Meetings are hell. That great leader of the Western business/industrial world Archie Norman conducts all meetings standing up. It gets people to the point and quarters average meeting times. But dysfunctional, dishonest and depressing meetings still happen. And the happiness, transparency, bonding and empowerment movements make it worse. More meetings.
Bad meetings proliferate. For me, the warning signs of an awful meeting are either leaden eyelids ('Why couldn't a troll do this; we shouldn't be wasting our time on it') or mounting fury ('You're trying to bounce us into rubber-stamping your mad/self-glorifying/hopeless plan') or despair ('We should hold this in the pub for all the clear decisions we'll get out of it').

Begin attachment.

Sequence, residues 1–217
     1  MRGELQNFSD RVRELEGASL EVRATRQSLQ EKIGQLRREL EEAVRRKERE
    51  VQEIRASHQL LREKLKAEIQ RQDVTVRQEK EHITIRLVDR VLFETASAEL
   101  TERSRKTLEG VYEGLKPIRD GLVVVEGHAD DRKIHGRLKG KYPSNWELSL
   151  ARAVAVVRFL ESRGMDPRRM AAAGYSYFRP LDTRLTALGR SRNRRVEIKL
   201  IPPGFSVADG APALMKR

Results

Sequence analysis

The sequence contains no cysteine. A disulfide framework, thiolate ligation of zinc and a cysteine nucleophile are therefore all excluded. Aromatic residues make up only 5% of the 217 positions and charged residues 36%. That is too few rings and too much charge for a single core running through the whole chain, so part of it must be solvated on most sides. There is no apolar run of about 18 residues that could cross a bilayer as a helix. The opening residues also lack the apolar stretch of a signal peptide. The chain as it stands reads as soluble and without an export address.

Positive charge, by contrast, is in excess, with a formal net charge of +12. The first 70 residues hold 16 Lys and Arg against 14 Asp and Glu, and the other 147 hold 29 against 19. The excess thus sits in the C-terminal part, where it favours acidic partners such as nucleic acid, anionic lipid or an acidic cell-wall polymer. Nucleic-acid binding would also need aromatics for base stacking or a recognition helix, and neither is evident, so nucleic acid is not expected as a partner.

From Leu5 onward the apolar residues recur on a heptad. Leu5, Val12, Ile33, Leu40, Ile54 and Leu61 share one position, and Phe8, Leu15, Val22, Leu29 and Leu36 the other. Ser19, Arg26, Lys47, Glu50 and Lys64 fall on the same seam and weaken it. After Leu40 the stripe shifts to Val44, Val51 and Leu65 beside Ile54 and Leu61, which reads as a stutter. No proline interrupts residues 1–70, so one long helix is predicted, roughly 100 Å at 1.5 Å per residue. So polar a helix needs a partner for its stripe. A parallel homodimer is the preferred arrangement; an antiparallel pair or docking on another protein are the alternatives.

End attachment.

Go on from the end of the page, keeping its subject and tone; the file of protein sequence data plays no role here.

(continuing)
There are meetings called by people who really, really like meetings. Calling meetings gives them a role - particularly when it's a meeting about a meeting, a 'how should we play this?' when the issue is easily decided in five minutes by the water cooler. But for mediocre managers, process mania (a form of control freakery) goes under the new banner of transparency and consensus.